For a while, it seemed that hope would triumph over experience. Despite the government’s dismal record of moving the goalposts, the prime minister had been making optimistic noises about the data. The reopening of schools, pubs and shops has proceeded without an overwhelming increase in infections. Hospitalizations and deaths from Covid were at low levels. The R-number increased, as would be expected given the resumption of some social contact, but it seemed clear that the numbers of positive tests in and of themselves were not to be feared thanks to the vaccination of vulnerable people. .
Ultimately, however, Boris Johnson’s commitment to freedom could not survive a backlash from a risk-averse scientific and technocratic class that never appreciated the costs of the lockdown. The rise of the Delta / Indian variant has allowed officials to relaunch their irresponsible campaign of fear. First, warnings about the effects of variants convinced the government to backtrack on overseas travel, with suggestions from ministers that limiting our freedom to go abroad would protect freedom at home. Now even the return of freedom home is being sacrificed, in what is described as a reasonable delay.
Is it just a delay? Last night, during his press conference in Downing Street, the Prime Minister insisted that this is only a temporary four-week hiatus to allow more people to get vaccinated. The government presents its decision as a pragmatic postponement, not an annulment, and which will have no lasting significance.
But it is much more important than that. It’s a betrayal of thousands of businesses, already on the brink of ruin by lockdown and social distancing, that have spent significant sums in preparation for a full reopening on June 21. Ministers might say their mantra has always been “data, not dates”. However, has anyone in government bothered to calculate how many companies will be bankrupted by weeks of additional restrictions? It’s a betrayal from the public, many of whom have only been able to endure in recent months because they firmly knew an end was in sight. They embraced the vaccination, believing it would be used to reopen. Instead, they find themselves under tighter restrictions than at this time last year, when there was no jab.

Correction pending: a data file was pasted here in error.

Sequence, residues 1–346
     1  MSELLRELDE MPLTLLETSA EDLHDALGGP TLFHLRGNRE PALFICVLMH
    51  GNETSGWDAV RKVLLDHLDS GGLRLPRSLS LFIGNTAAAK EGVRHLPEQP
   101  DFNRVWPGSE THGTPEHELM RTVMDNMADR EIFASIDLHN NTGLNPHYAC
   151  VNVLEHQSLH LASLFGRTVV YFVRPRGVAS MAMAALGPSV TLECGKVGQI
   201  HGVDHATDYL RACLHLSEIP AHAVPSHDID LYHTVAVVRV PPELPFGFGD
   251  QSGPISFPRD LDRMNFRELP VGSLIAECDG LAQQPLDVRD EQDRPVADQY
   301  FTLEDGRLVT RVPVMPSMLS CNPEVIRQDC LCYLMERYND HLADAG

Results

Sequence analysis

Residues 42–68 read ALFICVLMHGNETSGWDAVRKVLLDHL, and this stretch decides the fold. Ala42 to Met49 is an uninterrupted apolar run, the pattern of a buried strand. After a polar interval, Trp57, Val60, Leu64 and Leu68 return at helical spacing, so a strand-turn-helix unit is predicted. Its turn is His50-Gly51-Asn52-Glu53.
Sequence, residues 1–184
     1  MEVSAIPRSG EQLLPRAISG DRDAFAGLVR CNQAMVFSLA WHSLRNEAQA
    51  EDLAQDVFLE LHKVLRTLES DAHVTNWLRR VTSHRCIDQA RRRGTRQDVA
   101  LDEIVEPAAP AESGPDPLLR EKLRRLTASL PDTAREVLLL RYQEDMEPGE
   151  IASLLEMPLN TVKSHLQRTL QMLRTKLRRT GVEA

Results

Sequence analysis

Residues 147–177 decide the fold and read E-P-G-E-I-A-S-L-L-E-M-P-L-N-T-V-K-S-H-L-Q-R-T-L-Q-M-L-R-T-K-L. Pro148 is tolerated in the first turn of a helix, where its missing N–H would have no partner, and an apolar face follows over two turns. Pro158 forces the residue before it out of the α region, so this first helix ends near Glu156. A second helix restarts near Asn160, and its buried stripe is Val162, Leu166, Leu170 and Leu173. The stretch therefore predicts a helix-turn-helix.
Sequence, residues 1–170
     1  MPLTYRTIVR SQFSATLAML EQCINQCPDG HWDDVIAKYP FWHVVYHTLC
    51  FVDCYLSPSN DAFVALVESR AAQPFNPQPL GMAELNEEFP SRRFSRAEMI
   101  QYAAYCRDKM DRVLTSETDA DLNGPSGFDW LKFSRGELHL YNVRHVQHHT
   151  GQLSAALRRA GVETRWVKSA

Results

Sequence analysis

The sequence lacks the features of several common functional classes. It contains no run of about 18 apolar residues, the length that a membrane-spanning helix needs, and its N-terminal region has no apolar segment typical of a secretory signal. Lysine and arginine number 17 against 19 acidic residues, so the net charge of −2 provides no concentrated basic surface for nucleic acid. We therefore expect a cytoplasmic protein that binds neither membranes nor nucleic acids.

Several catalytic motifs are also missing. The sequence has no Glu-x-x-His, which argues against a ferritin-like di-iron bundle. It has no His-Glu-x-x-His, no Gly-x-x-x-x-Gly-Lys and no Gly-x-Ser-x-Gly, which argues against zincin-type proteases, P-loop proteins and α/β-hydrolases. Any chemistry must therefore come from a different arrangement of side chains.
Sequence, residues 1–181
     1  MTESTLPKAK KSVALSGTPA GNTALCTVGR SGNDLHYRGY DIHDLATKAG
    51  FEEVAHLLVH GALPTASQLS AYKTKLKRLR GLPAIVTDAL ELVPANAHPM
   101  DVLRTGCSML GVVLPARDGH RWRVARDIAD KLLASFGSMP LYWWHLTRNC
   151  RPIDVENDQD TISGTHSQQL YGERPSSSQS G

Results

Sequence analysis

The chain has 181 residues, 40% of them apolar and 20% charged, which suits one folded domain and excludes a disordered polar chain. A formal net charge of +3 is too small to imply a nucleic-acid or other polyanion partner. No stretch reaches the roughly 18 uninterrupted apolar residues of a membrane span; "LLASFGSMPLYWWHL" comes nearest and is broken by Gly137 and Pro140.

It is above all a betrayal of conservative principles. Freedom is not treated as an inalienable right of every individual, to be restricted only in the most extreme emergencies, but as conditional – to be ignored whenever it suits the government.
The argument for the state to continue to intervene in our lives has not been made. We will never be “safe” from Covid-19. It is likely to become an endemic disease that societies have to live with, perhaps indefinitely. The aim of the vaccination campaign was not to eliminate the risk, but to reduce it to manageable levels, which arguably has been done. It may not be possible to completely sever the link between cases and hospitalizations.
Anyway, will the situation really be much different in four weeks? Yes, more people could have the full protection of the jab. But there will be a part of it that will not have benefited from its protection and may never be. The number of positive tests could even be higher by mid-July. While the government remains concerned about the risk of the NHS being overwhelmed, especially now that it has to deal with the non-Covid backlog, it is extraordinary that so little seems to have been done to increase capacity. If we are really in a race between variants and jabs, why has the vaccination program not been massively accelerated?
The government can pretend it is just following the science. Yet it could well prove to be a defining moment in the Prime Minister’s political career – when he missed his opportunity to free the country from Covid restrictions and end the improper bartering on our freedoms. Already, the contours of a longer-term control architecture are starting to emerge, with calls for some social distancing to remain permanently. Will it one day be deemed “safe” to return to normal?
In an ideal world, Parliament would vote against this unnecessary extension of the lockdown. Unfortunately, only a handful of backbench Conservative MPs could be counted on to oppose it. The government faces no real opposition from the Labor Party, which, as might be expected, complied with the delay, seeing it only as a reason to spend more money. Millions of people, especially those who enjoy the benefits of working from home, seem to be content to stay in a state of semi-hibernation. The prime minister is popular, still enjoying the aftermath of the Tories’ victory in the Hartlepool by-election.
History books might not be that nice. Unless the remaining restrictions are lifted by July 19 at the latest, Boris Johnson is likely to be remembered not only as the Prime Minister who took our freedoms away from us, but was unwilling to return them to us. Does he have the courage to avoid this fate?